Milo Crespi’s review published on Letterboxd :
“Male Gaze,” is a film studies term that refers to how women are portrayed on film. It is not to be confused with how women are framed on screen (although that is an element to it). Film Theorist and Feminist Laura Mulvey coined the term in her 1975 essay Visual Pleasure and Narrative Cinema. To quote Mulvey, “The determining male gaze projects its phantasy on to the female figure which is styled accordingly. In their traditional exhibitionist role women are simultaneously looked at and displayed, with their appearance coded for strong visual and erotic impact so that they can be said to connote to-be-looked-at-ness.” Analyzing the text of a film is one of the first steps in film studies. In order to recognize a recurring theme or motif, the film must have identifiable text conveyed either through visual information or written/spoken dialogue. But when it comes to the relationship between filmmakers and women in the film industry, proper context is a necessity, especially when analyzing this film’s messages and ideas. The story of Agnes Varda’s Cléo From 5 to 7 is meant to be a comment/deconstruction on how women feel being objectified and exploited.
In the film, our heroine Cléo (Corinne Marchand) is a superstitious, yet successful French singer. The mainstream media looks at Cleo as an immortal goddess. She’s a popular singer and feels the pressure to maintain a certain appearance. In this way, she is literally aware of the male gaze and that of the public in general. A recurring visual motif of the film is a mirror. It’s seen at the beginning of the film when Cléo inspects herself, mirrors in cafes, restaurants, taxis, and even on the streets. Halfway through the film, Cléo remarks this to her, “I can’t see my own fears. I always think everyone’s looking at me, but I only look at myself.” Cléo has been so preoccupied with how many people are likely to judge her (considering that she is a renowned singer) that she hasn’t thought about if that’s even true. All of her friends and acquaintances aren’t inclined to critique her or her beauty; they try their best to give her as much love and affection as possible. It’s Cléo’s own insecurities and anxieties that are giving her trouble. With her new health issue, she worries about how the mainstream public will now view her. This is another example of the character and her own hypersensitivity to the male gaze.
In contrast, Cléo’s friend Dorothée--a model used for sculptures--is a woman literally objectified for art. But unlike Cléo, Dorothée sees no inherent issue with that. She says, “They’re looking at more than just me. A shape, an idea.” Dorothée has a boyfriend who is a projectionist. To cheer up Cléo, he shows the two of them a silent comedy with two women being used as slapstick comic props. A woman is sprayed by a man with a hose, and is essentially being abused for the sake of comedy. This is yet another example of the male gaze that frames and exploits women for the pleasure of male audiences. As she finishes watching the film and leaves her friends, Cléo’s smile subtly changes as if to imply that the viewing of this silent film did nothing to help her in her current emotional state. The film’s intent is to cause the audience to laugh at the woman in the silent film, which is a bitter reminder of Cléo and her own insecurities. This movie within a movie wants us to see a woman in emotional pain who is further tormented by her biggest fear--that audiences will judge or laugh at her. Varda wants us to see this as a jab to the traditional filmmaking of the time.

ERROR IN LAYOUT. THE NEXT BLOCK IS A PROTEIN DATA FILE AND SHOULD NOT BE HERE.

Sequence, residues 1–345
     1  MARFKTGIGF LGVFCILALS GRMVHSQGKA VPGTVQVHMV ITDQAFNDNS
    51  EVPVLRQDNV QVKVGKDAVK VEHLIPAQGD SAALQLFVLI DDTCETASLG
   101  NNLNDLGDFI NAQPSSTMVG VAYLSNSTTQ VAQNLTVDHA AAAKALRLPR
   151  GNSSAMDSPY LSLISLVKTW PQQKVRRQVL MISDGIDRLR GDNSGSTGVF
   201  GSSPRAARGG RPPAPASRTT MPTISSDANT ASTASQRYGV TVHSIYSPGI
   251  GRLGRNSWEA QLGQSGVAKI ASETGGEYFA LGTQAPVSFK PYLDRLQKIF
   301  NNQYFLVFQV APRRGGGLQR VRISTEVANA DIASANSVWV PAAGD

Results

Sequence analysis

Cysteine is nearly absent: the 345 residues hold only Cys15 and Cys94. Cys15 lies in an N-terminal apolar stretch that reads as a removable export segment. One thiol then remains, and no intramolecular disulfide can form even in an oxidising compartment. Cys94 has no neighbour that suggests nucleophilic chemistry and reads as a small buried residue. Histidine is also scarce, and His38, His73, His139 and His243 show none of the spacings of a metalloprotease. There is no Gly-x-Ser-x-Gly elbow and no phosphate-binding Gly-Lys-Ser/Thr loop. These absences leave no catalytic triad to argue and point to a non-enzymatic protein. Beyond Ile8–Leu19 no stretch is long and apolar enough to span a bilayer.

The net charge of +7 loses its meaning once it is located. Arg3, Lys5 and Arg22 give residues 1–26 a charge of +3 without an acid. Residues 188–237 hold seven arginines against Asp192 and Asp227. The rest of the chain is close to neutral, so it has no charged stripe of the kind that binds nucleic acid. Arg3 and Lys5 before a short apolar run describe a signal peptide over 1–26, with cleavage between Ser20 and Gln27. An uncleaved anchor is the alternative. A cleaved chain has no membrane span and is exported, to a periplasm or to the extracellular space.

Near the end of the film, fearing she has stomach cancer, she awaits news from her doctor. She encounters a good-looking soldier in the park, Antoine (Antoine Bourseiller), who is currently in a similar situation. In his case, he is being sent back to Algeria to fight in a war and risk being killed. Unlike her current lover, who views her as a shiny object or piece of jewelry, Cléo is moved by Antoine’s reassurance. He is a man who has no intention of seeing Cléo objectified. And for the first time in her career, Cléo is comforted knowing that someone is able to see her value as a person, “Great feelings are full of vanity, great minds, of foolishness,” says Antoine. She no longer fears the inevitable, and heads straight to the hospital to see her doctor.
Since this film was conceived around the time of the French New Wave in the 1960s, Cléo From 5 to 7 is Varda’s gift to the rising movement in France. The film doesn’t specify the timeframe of the setting, yet this kind of thinking could apply to any time period. Although there are efforts to advance women’s characters in film today, the male gaze in film persists. “The world of storytelling is still very much dominated by men, and for men. The tide, however, is shifting. Audiences have higher expectations for women characters and directors have broader imaginations.” If we want to create better stories for modern audiences, representation of women as fully realized characters with depth--versus being objectified or exploited--is necessary.